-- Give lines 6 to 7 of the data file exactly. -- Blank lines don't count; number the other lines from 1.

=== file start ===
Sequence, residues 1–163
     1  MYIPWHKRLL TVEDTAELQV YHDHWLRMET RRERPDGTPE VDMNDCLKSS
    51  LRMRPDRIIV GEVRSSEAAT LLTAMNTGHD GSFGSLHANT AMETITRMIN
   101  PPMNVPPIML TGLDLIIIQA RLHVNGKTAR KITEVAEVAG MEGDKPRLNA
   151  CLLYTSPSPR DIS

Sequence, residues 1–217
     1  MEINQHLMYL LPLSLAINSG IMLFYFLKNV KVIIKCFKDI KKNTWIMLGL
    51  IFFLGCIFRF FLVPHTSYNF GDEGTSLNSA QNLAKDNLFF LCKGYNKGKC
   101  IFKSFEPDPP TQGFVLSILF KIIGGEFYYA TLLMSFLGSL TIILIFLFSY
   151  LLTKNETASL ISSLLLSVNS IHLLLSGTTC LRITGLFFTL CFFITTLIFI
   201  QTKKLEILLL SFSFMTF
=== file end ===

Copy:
Sequence, residues 1–217
     1  MEINQHLMYL LPLSLAINSG IMLFYFLKNV KVIIKCFKDI KKNTWIMLGL